Opinion: Quebec should heed U.S. lessons on tuition hikes

As an American in Montreal, I gained a new perspective on issues of language and identity that would not have otherwise been possible.

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When I decided to enrol at McGill University as a doctoral student in English literature, I was drawn to its prestige as one of the world’s great universities. Although rankings are, at best, unreliable and highly subjective measures, when I entered McGill, in 1997, The Times of London ranked McGill as the eighth-best university in the world.

I was well aware that McGill produced more Nobel Prizes and more Rhodes Scholars than any other Canadian university, and that McGill had a stellar English program. I had previously studied at Berkeley and the University of Chicago, but McGill was where this American-born student raised in Virginia wanted to be.

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While the academic prestige was obvious, that was only a part of the draw. Montreal and Quebec were decisive factors in my choice to move for three years to Montreal. The chance to study at an English-language university while being immersed in French-Canadian culture offered an experience that no other institution could match.

The timing of my decision played an important part in my education. The year before I applied to McGill, Quebec citizens voted to remain in Canada. It was a time fraught with questions of identity, language and politics and how Quebec fit into Canada and alongside the sometimes dominating presence of its neighbour to the south.

As an American living in Montreal, I gained a new perspective on these issues of language and identity that would not have been possible had I attended a university in another province or in the U.S.

No other institutions function as well at bridging the anglophone and allophone world to that of French Canada than McGill University and the other two English-speaking universities. It is a gross oversimplification, as Premier François Legault and Higher Education Minister Pascale Déry argue, that Quebec taxpayers merely subsidize English-speaking students who ultimately leave Quebec without contributing to the province or the preservation of French.

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On the contrary, those students who leave Quebec do so having lived in Montreal for three, four or more years in a fully immersive experience. Many would not otherwise have studied French had they not enrolled in Quebec; those who leave do so with a much keener sense of the needs and perspectives of francophone culture.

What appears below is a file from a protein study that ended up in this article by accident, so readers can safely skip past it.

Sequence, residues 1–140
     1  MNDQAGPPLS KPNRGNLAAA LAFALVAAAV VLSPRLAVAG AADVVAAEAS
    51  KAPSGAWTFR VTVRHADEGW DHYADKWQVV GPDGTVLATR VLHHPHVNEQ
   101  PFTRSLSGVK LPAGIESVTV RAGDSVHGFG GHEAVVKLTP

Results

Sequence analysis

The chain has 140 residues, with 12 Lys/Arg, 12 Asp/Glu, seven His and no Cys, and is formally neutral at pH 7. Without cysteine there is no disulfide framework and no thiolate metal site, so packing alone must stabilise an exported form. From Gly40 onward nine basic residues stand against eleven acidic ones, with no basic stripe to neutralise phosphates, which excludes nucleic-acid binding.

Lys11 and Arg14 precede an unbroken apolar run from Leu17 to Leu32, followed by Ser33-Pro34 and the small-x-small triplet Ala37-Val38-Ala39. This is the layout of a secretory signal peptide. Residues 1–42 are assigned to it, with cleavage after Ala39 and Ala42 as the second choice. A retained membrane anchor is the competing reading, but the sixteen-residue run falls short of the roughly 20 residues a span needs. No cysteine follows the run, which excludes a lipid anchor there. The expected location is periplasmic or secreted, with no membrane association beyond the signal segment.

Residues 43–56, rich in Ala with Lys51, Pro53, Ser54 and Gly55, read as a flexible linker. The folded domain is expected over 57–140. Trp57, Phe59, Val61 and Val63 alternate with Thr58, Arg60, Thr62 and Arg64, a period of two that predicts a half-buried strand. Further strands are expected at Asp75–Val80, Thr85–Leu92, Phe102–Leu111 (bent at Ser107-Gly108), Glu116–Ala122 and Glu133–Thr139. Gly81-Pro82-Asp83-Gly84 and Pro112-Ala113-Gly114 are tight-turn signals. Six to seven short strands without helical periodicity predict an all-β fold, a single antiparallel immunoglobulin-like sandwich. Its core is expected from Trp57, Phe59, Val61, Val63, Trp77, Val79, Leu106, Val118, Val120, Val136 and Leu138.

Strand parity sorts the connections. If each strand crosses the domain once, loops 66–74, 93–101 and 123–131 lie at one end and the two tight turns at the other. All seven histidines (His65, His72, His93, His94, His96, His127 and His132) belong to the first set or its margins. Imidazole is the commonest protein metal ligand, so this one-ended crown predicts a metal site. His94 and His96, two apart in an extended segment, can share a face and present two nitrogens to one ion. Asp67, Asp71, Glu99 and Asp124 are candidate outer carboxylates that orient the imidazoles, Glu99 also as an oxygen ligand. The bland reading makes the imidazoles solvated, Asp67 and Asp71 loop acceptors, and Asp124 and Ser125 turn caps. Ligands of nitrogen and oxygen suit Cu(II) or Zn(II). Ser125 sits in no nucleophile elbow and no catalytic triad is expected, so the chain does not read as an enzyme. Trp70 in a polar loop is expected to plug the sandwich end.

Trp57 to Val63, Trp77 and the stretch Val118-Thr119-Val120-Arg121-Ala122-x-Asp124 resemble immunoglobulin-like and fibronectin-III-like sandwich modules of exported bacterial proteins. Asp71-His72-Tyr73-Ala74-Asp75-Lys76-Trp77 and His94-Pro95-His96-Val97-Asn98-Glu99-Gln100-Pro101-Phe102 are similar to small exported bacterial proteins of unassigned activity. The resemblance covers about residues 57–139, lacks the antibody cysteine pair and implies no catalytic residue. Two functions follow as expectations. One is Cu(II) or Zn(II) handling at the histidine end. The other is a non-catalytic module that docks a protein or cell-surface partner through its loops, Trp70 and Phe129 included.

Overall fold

Because McGill produces so many leaders in so many fields, its graduates have a disproportionate ability to influence how others perceive Quebec. If anything, Quebec’s investment in its anglophone universities provides an army of ambassadors who sell the province’s best features to others who may overlook what it has to offer.

My influence individually is quite small, but my frequent treks with friends and family to Montreal, my support of several Quebec artistic and cultural institutions, and my participation in and encouragement of more nuanced dialogue with non-Quebecers regarding the significance of language and culture are all directly the result of my having lived in Montreal for three years as a student at McGill.

In raising tuition drastically for non-Quebec students, the province risks making the same mistake state governments in the U.S. have made in raising out-of-state tuition at public universities. By sharply increasing the cost to out-of-state and international students, American public universities have become more insular: red states get redder, blue states bluer, and the political divide in America becomes a deeper chasm.

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Higher tuition costs ensure that class divisions are exacerbated as well. Only the well-to-do can afford the benefits of “going away to college.” For those less financially able, such an important broadening of outlook is closed off.

Enhancing McGill’s prestige and the attractiveness of English-speaking universities is a great selling point for Quebec. It is in Quebec’s interest to keep the best and brightest of the anglophone and allophone world — students, faculty and scholars — wanting to come to McGill and experience Quebec.

After a more than 20-year hiatus, Richard Aberle is finishing his dissertation at McGill University on the poetry of Wallace Stevens. He lives in Nevada.

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